The results of the bivariate analyses indicate that the health insurance rates for all categories of age, gender, race, Hispanic ethnicity, marital status, nativity, U.S. citizenship status, region, education, family income, and poverty status registered noticeable increases in 2014 and 2015 after the ACA took full effect. In particular, the new-19 category (i.e., those under 27) saw a 14.7% increase in health insurance rate from 2009 to 2015. Blacks, Asians, and especially other races made gains of 9.3%, 9.5%, and 13.2% in health insurance rate, respectively. Hispanics made gains of 14.4% across seven years. The foreign-born experienced a noticeable increase of 12.9% in health insurance rate from 2009 to 2015. The health insurance rate of non-U.S. citizens increased by 17.7% in the same period. The health insurance rate of people living below the poverty line increased by 15% during the seven-year period. These outcomes evince that the full implementation of the ACA along with the launch of the healthcare marketplace had a positive effect on health insurance coverage.
The results of the logistic regression analysis reveal that, congruous with our expectation, age, gender, race, ethnicity, marital status, nativity, citizenship status, education, family income, region, and poverty level are indeed significant predictors of health insurance before and after the implementation of the ACA. Consistent with our hypothesis, the youngsters in the new-19 group indeed witnessed significantly greater odds of gaining health insurance after the partial implementation and especially full implementation of the ACA than they did before the ACA. Our hypothesis that the foreign-born, racial minority groups, Hispanics, and people living under poverty should see increased odds of having health insurance after the full implementation of the ACA than before its full implementation is only partly borne out. The foreign-born were generally much more likely to obtain health insurance after the ACA than they were before the ACA. In fact, in 2015, they were almost parallel with the native-born in the odds of having health insurance. Asians and other races had greater chances of gaining health insurance after the ACA than they did before the ACA, but the odds for blacks to gain health insurance coverage in comparison to whites went up and down from 2009 to 2015. For Hispanics, the odds of getting health insurance in comparison to non-Hispanics increased slightly from 2010 to 2012 compared to 2009, but decreased after that. Similarly, for people living under poverty, the likelihood of gaining health insurance rose modestly from 2010 to 2013 compared to 2009 but slightly declined in 2014 and 2015.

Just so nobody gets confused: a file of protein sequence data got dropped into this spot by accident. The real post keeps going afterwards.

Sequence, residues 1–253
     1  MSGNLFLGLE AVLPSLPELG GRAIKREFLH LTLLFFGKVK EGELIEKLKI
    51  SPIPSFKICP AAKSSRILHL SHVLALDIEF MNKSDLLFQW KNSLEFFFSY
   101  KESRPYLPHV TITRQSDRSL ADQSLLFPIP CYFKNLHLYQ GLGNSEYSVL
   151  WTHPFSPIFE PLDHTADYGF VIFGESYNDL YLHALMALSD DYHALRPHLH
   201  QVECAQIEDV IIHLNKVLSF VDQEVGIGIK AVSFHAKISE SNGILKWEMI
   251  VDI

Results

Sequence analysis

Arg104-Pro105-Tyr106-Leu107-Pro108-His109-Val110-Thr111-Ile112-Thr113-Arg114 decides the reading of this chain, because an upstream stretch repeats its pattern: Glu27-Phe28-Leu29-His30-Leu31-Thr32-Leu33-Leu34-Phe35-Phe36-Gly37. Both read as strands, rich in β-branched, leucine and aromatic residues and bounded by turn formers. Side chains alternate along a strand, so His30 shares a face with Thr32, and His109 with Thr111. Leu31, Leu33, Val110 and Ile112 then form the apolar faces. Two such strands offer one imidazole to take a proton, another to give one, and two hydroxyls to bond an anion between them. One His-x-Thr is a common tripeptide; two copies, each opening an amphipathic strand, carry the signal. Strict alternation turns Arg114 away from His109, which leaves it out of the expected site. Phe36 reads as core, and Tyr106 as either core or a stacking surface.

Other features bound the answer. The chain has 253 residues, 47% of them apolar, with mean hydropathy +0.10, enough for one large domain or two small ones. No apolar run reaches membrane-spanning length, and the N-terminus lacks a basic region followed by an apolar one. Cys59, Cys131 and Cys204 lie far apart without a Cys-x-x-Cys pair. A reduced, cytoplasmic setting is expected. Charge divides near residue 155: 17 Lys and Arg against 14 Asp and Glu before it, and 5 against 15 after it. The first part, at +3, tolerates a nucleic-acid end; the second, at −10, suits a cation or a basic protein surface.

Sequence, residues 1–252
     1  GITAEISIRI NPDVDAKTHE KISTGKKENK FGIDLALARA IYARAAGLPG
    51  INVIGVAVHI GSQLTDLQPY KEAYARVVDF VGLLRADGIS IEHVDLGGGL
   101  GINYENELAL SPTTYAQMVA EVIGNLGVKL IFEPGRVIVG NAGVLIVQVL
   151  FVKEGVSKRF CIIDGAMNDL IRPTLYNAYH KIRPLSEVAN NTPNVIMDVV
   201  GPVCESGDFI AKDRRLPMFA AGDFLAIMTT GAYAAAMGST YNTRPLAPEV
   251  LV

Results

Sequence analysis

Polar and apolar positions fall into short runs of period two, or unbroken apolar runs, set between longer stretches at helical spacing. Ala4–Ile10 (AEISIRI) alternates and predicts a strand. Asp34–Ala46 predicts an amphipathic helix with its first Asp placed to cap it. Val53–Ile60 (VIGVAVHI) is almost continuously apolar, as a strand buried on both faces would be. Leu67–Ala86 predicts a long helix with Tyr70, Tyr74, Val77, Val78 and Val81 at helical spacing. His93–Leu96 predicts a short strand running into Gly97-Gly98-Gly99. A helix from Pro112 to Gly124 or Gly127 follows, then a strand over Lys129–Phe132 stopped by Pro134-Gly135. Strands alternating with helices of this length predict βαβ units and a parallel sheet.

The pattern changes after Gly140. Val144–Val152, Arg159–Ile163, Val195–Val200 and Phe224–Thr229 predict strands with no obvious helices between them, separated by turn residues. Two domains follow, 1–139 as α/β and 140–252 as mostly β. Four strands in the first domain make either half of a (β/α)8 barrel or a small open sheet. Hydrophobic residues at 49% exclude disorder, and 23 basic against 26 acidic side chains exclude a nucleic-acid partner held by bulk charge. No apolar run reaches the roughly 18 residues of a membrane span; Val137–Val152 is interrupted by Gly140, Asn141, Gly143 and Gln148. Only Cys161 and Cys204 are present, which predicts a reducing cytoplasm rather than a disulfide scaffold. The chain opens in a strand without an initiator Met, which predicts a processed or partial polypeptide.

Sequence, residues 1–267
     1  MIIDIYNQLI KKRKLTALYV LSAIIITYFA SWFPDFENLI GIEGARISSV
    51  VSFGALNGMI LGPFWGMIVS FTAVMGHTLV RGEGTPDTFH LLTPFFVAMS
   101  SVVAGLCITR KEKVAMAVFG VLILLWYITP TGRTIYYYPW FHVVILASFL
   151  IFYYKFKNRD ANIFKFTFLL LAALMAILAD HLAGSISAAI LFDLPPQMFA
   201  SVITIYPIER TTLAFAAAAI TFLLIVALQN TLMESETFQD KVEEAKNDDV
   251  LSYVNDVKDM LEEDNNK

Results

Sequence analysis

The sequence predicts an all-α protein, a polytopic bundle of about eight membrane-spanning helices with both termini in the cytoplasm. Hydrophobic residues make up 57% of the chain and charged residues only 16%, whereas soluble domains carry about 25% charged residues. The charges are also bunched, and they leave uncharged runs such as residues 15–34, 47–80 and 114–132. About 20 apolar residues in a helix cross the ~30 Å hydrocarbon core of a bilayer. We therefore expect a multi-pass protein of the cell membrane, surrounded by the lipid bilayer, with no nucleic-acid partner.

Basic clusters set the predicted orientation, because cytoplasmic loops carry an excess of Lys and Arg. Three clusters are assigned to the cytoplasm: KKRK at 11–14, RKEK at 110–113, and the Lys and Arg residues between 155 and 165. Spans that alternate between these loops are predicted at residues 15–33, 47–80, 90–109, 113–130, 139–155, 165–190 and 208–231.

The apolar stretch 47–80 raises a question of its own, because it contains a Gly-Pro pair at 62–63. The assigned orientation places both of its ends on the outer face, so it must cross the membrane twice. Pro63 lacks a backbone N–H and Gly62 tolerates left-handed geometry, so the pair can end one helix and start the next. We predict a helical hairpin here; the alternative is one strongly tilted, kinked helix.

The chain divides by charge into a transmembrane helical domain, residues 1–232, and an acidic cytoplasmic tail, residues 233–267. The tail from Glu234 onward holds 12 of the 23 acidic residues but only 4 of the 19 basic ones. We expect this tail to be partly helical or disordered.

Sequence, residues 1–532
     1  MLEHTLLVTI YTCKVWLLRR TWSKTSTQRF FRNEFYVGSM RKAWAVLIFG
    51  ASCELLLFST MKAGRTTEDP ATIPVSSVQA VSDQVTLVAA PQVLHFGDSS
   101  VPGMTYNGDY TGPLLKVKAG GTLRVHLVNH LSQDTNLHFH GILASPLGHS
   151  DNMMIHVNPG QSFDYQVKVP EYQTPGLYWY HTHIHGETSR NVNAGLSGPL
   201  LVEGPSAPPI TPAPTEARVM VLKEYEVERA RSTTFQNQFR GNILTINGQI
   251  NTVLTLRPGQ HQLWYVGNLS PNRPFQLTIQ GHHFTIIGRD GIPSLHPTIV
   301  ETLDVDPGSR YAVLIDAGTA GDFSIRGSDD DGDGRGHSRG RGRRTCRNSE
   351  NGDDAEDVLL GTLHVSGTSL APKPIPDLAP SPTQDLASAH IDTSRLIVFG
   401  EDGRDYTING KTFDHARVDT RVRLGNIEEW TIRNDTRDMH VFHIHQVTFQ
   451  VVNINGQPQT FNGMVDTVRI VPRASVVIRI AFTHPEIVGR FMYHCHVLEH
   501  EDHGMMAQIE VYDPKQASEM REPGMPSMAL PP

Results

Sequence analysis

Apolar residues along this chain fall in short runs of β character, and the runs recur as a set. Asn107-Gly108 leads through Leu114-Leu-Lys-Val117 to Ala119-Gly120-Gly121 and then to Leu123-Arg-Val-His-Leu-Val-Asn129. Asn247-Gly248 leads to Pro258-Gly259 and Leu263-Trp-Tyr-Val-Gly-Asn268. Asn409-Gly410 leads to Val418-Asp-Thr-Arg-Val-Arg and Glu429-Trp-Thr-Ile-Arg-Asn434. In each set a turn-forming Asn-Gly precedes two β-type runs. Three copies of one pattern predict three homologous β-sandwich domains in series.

Our findings suggest that the ACA, overall, had a positive effect on the national health insurance rate and across many groups. The 7.2% increase in national average health insurance rate translated into roughly 22.5 million more people who acquired health insurance coverage from 2009 to 2015. The gradual increases in health insurance rates from 2011 to 2013 and significant increases in the insurance rates since 2014 show that the ACA did effectively increase the health insurance rate of the nation. Our results are by and large congruent with the findings of some recent studies [37,38]. However, roughly 10.6% of the country still remains uninsured, and Hispanics, blacks, non-citizens, and the impoverished would be recommended targets for further increasing the insurance rates.
The results of this study suggest that the new-19 provision significantly increased the health insurance of individuals aged 26 or younger. It was evident from the bivariate analysis that the percentage of individuals aged 18 to 26 saw an overall increase from 69.5% in 2009 to 84.2% by 2015, an increase of 14.7% across a seven-year span. The findings of the logistic regression reveal significant increases in the odds of gaining health insurance after the ACA. These results are consistent with the findings of VanGarde et al.’s recent study using data from the Behavioral Risk Factor Surveillance System [39] and indicate the effectiveness of the new-19 provision. Hence, any plan to refine or replace the ACA should consider the retention of this provision.